GDPR has increased data transparency and empowers data subjects. It gives data subjects the right to obtain from the data controller confirmation of whether personal data concerning them is being processed, and if so, where and for what purpose. The controller shall provide a copy of the personal data, free of charge.

                      The right to be forgotten entitles the data subject to have the data controller erase his/her personal data, cease further dissemination of the data, and potentially have third parties halt processing of the data. The conditions for erasure, as outlined in Article 17, include the data no longer being relevant to original purposes for processing or a data subjects’ withdrawing consent.

                      Privacy by design is also included in the GDPR. Privacy by design calls for the inclusion of data protection from the onset of the designing of systems, rather than an addition. More specifically, “The controller shall … implement appropriate technical and organisational measures … in an effective way … in order to meet the requirements of this Regulation and protect the rights of data subjects.” Article 23.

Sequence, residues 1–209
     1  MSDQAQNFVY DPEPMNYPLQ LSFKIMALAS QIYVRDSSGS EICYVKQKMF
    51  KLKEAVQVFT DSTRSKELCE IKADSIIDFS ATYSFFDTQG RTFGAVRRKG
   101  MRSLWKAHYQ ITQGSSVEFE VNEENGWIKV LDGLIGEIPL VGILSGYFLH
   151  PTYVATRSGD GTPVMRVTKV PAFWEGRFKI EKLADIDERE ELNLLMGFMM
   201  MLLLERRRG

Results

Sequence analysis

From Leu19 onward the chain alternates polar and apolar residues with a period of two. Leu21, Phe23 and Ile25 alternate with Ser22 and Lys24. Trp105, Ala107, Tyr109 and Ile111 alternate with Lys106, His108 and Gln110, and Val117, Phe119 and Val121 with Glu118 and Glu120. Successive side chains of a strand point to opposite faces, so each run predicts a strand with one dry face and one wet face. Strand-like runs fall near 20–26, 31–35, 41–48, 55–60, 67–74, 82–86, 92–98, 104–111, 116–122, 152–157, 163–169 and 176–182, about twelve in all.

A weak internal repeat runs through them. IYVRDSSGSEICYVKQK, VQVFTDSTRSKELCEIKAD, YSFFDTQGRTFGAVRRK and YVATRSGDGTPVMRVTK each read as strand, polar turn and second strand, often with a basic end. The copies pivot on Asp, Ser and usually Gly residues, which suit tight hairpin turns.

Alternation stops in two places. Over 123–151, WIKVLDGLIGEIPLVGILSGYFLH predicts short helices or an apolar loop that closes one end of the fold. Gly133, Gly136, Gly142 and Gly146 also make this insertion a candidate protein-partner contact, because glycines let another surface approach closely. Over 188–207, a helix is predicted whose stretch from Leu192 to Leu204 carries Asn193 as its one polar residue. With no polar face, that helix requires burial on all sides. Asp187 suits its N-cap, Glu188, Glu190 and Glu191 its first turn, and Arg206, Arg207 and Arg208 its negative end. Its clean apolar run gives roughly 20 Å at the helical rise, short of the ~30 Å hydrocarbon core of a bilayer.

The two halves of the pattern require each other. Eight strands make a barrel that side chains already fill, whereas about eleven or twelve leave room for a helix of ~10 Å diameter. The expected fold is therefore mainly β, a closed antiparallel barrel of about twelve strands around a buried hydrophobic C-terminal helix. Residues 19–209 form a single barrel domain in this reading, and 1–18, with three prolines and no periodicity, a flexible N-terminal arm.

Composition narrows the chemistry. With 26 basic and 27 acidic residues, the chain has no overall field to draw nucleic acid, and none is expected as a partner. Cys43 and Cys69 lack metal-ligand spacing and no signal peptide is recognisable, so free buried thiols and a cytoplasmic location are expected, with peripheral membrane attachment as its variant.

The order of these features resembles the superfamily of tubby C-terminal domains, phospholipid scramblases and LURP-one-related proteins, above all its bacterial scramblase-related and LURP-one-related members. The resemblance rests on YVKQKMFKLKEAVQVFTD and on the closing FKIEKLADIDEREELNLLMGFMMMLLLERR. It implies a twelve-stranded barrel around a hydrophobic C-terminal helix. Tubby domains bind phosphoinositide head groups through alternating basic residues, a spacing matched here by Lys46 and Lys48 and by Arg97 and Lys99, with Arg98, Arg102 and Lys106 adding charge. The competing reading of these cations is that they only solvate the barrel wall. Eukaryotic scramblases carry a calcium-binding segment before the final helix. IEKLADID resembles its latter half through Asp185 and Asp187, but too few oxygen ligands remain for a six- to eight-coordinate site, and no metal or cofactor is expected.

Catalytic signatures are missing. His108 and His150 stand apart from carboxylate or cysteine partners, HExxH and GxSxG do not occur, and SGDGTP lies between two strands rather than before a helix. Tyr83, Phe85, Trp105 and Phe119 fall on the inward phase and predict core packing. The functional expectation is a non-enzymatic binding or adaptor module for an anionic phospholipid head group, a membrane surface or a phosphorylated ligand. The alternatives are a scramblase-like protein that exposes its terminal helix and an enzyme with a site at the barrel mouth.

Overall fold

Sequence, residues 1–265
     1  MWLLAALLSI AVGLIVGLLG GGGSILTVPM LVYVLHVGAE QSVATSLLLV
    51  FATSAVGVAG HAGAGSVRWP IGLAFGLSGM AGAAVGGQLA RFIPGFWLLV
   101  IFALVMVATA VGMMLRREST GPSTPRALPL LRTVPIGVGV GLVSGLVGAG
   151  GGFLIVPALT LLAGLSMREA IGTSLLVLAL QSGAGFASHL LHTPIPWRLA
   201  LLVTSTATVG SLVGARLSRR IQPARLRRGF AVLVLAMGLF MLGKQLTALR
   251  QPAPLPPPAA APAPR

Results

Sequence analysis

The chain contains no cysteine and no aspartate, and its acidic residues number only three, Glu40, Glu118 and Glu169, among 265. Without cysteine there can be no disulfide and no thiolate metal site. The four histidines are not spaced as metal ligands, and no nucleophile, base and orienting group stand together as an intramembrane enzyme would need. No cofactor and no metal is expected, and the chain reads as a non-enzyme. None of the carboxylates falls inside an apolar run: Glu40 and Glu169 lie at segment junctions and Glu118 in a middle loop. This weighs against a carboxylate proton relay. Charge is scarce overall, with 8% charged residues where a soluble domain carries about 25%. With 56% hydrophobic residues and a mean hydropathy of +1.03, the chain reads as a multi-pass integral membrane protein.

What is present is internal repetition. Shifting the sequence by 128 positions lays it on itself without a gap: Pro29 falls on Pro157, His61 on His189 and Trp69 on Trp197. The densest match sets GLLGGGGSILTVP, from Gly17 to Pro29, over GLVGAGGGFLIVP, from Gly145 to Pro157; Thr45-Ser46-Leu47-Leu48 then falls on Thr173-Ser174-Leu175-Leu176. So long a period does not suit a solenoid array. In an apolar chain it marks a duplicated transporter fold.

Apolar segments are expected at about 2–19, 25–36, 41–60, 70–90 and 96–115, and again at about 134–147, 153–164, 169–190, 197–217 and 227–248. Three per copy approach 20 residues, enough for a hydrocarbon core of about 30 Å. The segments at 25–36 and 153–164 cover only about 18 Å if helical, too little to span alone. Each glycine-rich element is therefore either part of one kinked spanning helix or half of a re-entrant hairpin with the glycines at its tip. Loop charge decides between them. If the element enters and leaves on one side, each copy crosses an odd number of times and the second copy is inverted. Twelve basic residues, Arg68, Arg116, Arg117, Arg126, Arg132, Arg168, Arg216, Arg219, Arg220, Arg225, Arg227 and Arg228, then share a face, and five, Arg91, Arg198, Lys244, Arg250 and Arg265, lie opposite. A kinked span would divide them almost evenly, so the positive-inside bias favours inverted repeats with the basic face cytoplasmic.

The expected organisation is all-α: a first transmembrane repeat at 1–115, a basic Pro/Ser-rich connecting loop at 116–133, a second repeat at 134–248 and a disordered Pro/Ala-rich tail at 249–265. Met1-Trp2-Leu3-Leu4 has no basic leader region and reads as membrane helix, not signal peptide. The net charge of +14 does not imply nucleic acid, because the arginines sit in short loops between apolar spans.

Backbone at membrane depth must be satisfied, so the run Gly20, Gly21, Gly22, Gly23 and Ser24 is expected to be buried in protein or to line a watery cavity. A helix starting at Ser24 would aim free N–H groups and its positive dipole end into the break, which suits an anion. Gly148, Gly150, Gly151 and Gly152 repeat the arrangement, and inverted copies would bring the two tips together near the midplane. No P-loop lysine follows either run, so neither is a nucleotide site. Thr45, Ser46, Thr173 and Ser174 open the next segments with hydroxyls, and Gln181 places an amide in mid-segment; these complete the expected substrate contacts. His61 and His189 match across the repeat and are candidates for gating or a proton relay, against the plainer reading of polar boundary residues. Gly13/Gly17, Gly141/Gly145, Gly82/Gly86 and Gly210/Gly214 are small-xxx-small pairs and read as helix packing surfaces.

GDPR and Research

                      Research occupies a privileged position in the GDPR. By harmonizing privacy legislation across the EU member states and carving out exemptions for scientific, historical, statistical, and health research, the GDPR seeks to reconcile the often-competing values of privacy and innovation.

                      The research regime set out in Article 89 expressly allows across the EU the following: